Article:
Born to be wild

I, robot

My Slate column on computer illiteracy

A couple of days ago, one of the blog readers here criticized me for my position that computer illiteracy is a problem. This might have been a bit mysterious — the poster wrote this in my blog entry about a virtual bugle. But what the poster was responding to was a piece I wrote for Slate last week but have yet to blog.

So, henceforth, here’s a self-aggrandizing link to my article of last week, which surveys the world of malware — adware, spyware, and viruses — and proclaims the dismal truth: Some of the problem is rooted in our massive cultural ignorance of how computers work.

At the center of my argument is this point:

Is it fair to expect computer users to be knowledgeable about the innards of software? We use plenty of other complex, dangerous tools—such as cars—without needing to understand the fine points of their internal mechanics. But our computer ignorance is, even by those standards, horrific. When a computer user doesn’t know that an “.exe” file is a program (and possibly a virus), it’s like not knowing that cars are fueled by gas and that gas is explosive. It’s basic stuff.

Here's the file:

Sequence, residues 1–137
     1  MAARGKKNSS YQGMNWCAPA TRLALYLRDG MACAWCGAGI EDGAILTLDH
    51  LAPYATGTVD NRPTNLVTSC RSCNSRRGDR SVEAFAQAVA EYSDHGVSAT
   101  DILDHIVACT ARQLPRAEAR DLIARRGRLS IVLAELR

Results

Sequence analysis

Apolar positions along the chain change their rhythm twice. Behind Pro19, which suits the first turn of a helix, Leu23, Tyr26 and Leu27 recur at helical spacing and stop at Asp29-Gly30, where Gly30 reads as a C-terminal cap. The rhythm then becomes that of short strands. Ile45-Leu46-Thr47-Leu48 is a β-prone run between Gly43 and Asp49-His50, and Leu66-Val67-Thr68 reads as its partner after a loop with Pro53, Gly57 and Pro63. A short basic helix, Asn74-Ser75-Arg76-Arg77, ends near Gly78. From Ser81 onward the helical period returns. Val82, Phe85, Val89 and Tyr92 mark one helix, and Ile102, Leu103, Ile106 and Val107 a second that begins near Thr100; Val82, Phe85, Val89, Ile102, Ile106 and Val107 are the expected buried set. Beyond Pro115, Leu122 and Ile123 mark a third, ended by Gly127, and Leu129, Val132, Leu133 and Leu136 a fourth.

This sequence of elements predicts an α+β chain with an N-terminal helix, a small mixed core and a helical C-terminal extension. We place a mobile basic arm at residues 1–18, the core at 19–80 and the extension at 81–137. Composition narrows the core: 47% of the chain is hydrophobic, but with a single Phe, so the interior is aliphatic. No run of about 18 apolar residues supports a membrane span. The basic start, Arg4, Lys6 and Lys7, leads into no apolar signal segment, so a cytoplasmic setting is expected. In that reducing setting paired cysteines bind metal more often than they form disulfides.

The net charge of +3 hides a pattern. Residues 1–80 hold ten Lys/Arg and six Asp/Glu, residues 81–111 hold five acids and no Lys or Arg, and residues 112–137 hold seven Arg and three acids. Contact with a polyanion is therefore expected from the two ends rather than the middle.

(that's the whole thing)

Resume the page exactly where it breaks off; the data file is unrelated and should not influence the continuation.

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I'm Clive Thompson, the author of Smarter Than You Think: How Technology is Changing Our Minds for the Better (Penguin Press). You can order the book now at Amazon, Barnes and Noble, Powells, Indiebound, or through your local bookstore! I'm also a contributing writer for the New York Times Magazine and a columnist for Wired magazine. Email is here or ping me via the antiquated form of AOL IM (pomeranian99).

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